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In issue 309 -
When an Older Parrot Has Never Learned Skilful Flight – Complete Psittacine by Eb Cravens
In issue 309 -
Scarlet Macaws – were they really bred by indigenous people in the 12th century? Rosemary Low asks the question
In issue 309 -
Understanding the link between nutrition, hormonal behaviours and the avian endocrine system, Part 1 – The Holistic Parrot by Leslie Moran
In issue 309 -
The Yellow-eared Parrot – continues to expand its range in Colombia. By David Waugh, Correspondent, Loro Parque Fundación
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Complete Psittacine, by EB Cravens

Parrots magazine 168

Those Special Needs of Older Parrots

A recent subscriber to my Bird-keeping Naturally series wrote in the ‘comments’ section, “I would like to hear more about the keeping of older parrots.” To be sure, this is a subject very dear to my heart, as I have many elderly psittacines, some adopted, some that I hand-fed and have had with me for 25 years or more.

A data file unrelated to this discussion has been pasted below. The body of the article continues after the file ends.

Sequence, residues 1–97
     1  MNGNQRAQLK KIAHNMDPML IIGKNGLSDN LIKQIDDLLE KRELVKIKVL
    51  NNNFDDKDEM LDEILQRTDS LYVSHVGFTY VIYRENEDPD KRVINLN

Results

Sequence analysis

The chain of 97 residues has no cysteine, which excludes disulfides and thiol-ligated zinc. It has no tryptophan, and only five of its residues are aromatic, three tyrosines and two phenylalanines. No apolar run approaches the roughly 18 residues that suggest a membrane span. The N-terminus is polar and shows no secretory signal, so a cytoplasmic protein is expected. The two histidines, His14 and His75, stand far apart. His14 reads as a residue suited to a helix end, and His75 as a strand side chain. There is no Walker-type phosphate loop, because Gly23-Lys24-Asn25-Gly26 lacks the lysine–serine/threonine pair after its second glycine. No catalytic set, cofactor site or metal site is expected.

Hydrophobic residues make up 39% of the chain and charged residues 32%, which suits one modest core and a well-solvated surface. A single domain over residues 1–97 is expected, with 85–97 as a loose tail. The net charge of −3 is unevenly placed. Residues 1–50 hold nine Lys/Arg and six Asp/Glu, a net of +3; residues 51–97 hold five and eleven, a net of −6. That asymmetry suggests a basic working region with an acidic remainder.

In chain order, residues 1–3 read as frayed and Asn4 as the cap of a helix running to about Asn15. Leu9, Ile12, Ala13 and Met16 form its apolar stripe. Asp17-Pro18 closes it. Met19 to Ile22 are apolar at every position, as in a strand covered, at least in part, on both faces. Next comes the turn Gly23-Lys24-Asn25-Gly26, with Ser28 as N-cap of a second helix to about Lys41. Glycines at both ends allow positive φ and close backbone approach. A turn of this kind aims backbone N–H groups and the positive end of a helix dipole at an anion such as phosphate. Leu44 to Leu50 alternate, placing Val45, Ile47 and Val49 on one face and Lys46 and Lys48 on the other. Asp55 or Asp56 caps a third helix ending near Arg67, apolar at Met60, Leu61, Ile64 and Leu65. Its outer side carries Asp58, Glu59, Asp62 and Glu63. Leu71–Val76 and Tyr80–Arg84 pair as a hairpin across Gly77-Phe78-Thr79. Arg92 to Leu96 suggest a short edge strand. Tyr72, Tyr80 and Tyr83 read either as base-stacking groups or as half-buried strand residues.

In most cases, these birds are to me, my most cherished parrots. My feelings for them that developed over decades, coupled with the wonderful life experience and savvy they now show, are the main reasons for this judgment. Moreover, I worry about them more than I do my younger psittacines.

The elderly parrots in our aviaries tend to get special care. I observe them more keenly, over-feed them a little bit each day so they can pick and choose what their bodies need by way of nourishment. When a psittacine reaches thirty or forty years, I feel it is truly time to make their life easier in as many ways as possible. They get prime cage locations with high up perches and early morning sunlight, they are seldom allowed to undergo the stress of any nesting, and they are monitored carefully if weather turns blustery or inclement, especially during the winter or rainy months.

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